Electronic bill payment

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Electronic bill payment is a feature of online, mobile and telephone banking, similar in its effect to a giro, allowing a customer of a financial institution to transfer money from their transaction or credit card account to a creditor or vendor such as a public utility, department store or an individual to be credited against a specific account. These payments are typically executed electronically as a direct deposit through a national payment system, operated by the banks or in conjunction with the government. Payment is typically initiated by the payer but can also be set up as a direct debit.

Online banking, also known as internet banking, is an electronic payment system that enables customers of a bank or other financial institution to conduct a range of financial transactions through the financial institution's website. The online banking system will typically connect to or be part of the core banking system operated by a bank and is in contrast to branch banking which was the traditional way customers accessed banking services.

Mobile banking is a service provided by a bank or other financial institution that allows its customers to conduct financial transactions remotely using a mobile device such as a smartphone or tablet. Unlike the related internet banking it uses software, usually called an app, provided by the financial institution for the purpose. Mobile banking is usually available on a 24-hour basis. Some financial institutions have restrictions on which accounts may be accessed through mobile banking, as well as a limit on the amount that can be transacted. Mobile banking is dependent on the availability of an internet or data connection to the mobile device.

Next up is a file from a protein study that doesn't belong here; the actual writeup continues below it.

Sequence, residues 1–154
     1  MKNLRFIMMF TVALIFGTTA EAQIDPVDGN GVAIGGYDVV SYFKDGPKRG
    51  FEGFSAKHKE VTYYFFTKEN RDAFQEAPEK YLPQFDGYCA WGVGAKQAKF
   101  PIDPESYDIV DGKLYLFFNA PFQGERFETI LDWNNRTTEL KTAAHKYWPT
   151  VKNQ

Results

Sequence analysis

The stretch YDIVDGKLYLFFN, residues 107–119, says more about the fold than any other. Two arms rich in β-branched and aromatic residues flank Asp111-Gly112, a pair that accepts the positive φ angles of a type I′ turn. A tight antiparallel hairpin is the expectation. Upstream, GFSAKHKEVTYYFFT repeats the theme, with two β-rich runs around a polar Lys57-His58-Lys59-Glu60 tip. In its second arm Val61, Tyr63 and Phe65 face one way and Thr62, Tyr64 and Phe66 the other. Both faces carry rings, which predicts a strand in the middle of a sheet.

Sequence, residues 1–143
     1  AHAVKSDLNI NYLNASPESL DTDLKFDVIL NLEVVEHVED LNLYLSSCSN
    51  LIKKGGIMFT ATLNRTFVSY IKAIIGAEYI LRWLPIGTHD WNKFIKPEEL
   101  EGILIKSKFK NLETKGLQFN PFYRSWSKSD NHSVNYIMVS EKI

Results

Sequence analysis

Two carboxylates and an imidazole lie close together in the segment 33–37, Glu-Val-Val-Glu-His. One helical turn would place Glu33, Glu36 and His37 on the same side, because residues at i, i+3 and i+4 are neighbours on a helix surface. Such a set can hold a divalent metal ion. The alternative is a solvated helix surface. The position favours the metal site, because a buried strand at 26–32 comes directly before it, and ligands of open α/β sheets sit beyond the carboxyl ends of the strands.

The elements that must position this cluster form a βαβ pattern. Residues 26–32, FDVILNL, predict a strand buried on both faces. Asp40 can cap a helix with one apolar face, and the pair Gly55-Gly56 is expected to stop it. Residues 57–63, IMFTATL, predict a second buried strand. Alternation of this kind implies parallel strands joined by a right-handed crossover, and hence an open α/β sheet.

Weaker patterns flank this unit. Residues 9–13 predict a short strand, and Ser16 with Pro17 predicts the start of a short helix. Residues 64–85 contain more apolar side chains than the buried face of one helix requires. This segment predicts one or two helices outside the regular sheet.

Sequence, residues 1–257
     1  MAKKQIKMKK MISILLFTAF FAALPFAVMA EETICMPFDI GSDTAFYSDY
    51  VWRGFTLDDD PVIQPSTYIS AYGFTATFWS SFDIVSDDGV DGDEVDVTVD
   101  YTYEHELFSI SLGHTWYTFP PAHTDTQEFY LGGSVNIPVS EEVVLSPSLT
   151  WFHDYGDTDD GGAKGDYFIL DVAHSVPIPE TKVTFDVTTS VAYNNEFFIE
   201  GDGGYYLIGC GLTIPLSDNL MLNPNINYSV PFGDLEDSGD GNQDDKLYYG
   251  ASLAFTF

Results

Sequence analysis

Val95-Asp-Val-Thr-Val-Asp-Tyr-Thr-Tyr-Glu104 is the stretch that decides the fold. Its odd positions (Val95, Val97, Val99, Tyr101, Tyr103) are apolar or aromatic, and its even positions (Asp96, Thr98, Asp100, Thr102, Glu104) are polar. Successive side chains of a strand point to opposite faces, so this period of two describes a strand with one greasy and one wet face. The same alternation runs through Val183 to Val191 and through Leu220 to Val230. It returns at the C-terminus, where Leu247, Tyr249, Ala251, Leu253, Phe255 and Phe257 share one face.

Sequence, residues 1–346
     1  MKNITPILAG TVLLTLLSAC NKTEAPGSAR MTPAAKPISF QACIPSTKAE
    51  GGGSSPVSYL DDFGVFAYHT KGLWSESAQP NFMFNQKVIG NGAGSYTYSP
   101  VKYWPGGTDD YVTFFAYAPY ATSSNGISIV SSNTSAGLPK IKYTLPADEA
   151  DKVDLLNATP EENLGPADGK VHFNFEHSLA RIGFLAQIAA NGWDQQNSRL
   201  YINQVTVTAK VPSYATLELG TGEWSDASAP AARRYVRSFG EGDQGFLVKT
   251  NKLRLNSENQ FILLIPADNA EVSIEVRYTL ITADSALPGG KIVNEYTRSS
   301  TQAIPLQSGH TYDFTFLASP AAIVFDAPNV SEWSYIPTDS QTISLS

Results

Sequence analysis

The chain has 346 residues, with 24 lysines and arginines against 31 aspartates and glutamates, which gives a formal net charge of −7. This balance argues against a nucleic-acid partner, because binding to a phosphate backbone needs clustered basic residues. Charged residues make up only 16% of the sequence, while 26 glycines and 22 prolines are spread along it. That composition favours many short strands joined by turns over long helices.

Telephone banking is a service provided by a bank or other financial institution, that enables customers to perform over the telephone a range of financial transactions which do not involve cash or Financial instruments, without the need to visit a bank branch or ATM. Telephone banking times are usually longer than branch opening times, and some financial institutions offer the service on a 24-hour basis. However, some banks impose restrictions on which accounts may be accessed through telephone banking and usually limit the amounts that can be transacted.

Contents

In addition to the bill payment facility, most banks will also offer various features with their electronic bill payment systems. These include the ability to schedule payments in advance to be made on a specified date (convenient for installments such as mortgage and support payments), to save the biller information for reuse at a future time and various options for searching the recent payment history. In many cases the payment data can also be downloaded and posted directly into the customer's accounting or personal finance software.